MILLENNIUM DOME fabric supplier Birdair this week faces multi-million pound compensation claims following the collapse of the new fabric roof over Montreal's Olympic Stadium.
It is thought the roof was being held together by temporary clips after delays with roofing fabric installation meant work had to be put on hold until the spring.
Five people suffered minor injuries when a 350m2 panel failed under snow and melt water loading, dumping tonnes of slush on workers setting up a car show below. The show was cancelled, as was a boat show due next month, and claims from show organisers alone are expected to top £10M.
It has also emerged that the roof installation contractor, Danny's Construction, had been thrown off site in October by Birdair at an hour's notice, following rows at delays and cost over-runs. Danny's - which also worked on the Dome - is suing Birdair for £2.5M.
Lawyers for Danny's alleged last week that Birdair had delayed the work after diverting fabric meant for Montreal to another project.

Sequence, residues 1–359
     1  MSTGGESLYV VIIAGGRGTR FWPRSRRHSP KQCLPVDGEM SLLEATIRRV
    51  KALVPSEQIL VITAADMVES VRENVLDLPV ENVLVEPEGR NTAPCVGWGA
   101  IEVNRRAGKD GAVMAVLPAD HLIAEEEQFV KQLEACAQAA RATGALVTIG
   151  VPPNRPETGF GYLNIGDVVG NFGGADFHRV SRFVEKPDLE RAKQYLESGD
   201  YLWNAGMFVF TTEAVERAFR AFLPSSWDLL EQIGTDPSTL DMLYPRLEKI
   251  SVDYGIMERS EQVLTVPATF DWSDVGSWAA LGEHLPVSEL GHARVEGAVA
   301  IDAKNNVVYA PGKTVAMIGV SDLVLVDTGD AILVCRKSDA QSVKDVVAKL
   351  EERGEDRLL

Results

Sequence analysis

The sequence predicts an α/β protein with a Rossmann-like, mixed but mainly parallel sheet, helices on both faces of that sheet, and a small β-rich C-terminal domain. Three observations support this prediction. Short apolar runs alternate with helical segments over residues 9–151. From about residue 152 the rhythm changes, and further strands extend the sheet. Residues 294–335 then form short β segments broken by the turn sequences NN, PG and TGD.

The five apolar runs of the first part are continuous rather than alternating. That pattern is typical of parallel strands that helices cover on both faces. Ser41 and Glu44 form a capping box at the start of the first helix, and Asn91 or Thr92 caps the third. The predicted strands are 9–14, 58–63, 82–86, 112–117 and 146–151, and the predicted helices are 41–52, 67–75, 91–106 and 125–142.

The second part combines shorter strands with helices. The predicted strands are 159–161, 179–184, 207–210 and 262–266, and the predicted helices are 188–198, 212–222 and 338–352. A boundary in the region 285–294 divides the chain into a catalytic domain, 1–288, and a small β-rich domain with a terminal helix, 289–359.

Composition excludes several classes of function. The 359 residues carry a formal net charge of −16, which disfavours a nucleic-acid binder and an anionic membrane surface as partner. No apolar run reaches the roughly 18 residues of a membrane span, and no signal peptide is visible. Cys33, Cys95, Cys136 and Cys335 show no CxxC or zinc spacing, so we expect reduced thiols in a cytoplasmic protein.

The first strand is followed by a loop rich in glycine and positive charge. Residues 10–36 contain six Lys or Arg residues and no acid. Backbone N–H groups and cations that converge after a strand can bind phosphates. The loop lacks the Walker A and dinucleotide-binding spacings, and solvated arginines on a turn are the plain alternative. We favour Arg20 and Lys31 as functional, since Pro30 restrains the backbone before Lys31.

The fabric that failed is the same Teflon-coated glass fibre material that Birdair supplied to the Millennium Dome.
Cladding at Greenwich was at a peak last summer, but the New Millennium Experience Company this week said it was unlikely that fabric intended for Montreal had finished up on the Dome. It also denied that the Montreal accident cast any doubts on the long-term safety of the Dome.
'The Dome roof is a very different shape to the Montreal Stadium roof and has no valleys into which snow might drift,' a spokesman insisted 'And Greenwich gets far less snow than Montreal,' he added.
Dome structural engineer Buro Happold took a number of measures to avoid melt water ponding, which has brought down other earlier fabric structures. Circumferential cables, forming part of the supporting cable net, are designed to avoid hard points pushing up beneath the fabric.
Birdair is said to have claimed the Montreal roof could take up to 900mm of snow. Witnesses report that the area which failed began to bulge as the snow then on the roof began to melt, and that stadium officials had set up safety barriers below and sent men onto the roof to clear the accumulating slush.
Olympic Installation Board officials said the roof had still not been officially handed over and the cost of repairs would have be met by Birdair and its insurers.